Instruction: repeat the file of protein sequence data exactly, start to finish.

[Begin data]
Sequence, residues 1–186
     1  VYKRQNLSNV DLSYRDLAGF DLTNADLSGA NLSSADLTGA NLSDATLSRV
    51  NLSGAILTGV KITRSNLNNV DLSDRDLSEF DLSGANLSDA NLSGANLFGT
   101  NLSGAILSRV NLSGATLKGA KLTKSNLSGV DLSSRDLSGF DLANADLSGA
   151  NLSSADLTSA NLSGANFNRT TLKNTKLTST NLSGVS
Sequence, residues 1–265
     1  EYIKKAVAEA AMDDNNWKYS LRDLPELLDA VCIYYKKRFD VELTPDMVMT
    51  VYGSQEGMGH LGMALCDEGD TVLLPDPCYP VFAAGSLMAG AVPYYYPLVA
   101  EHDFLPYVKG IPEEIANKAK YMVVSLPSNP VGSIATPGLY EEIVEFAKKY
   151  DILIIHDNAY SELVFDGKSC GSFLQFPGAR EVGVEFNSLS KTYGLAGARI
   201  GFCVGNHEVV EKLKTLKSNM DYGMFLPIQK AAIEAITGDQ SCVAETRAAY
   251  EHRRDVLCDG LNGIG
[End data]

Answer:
Sequence, residues 1–186
     1  VYKRQNLSNV DLSYRDLAGF DLTNADLSGA NLSSADLTGA NLSDATLSRV
    51  NLSGAILTGV KITRSNLNNV DLSDRDLSEF DLSGANLSDA NLSGANLFGT
   101  NLSGAILSRV NLSGATLKGA KLTKSNLSGV DLSSRDLSGF DLANADLSGA
   151  NLSSADLTSA NLSGANFNRT TLKNTKLTST NLSGVS
Sequence, residues 1–265
     1  EYIKKAVAEA AMDDNNWKYS LRDLPELLDA VCIYYKKRFD VELTPDMVMT
    51  VYGSQEGMGH LGMALCDEGD TVLLPDPCYP VFAAGSLMAG AVPYYYPLVA
   101  EHDFLPYVKG IPEEIANKAK YMVVSLPSNP VGSIATPGLY EEIVEFAKKY
   151  DILIIHDNAY SELVFDGKSC GSFLQFPGAR EVGVEFNSLS KTYGLAGARI
   201  GFCVGNHEVV EKLKTLKSNM DYGMFLPIQK AAIEAITGDQ SCVAETRAAY
   251  EHRRDVLCDG LNGIG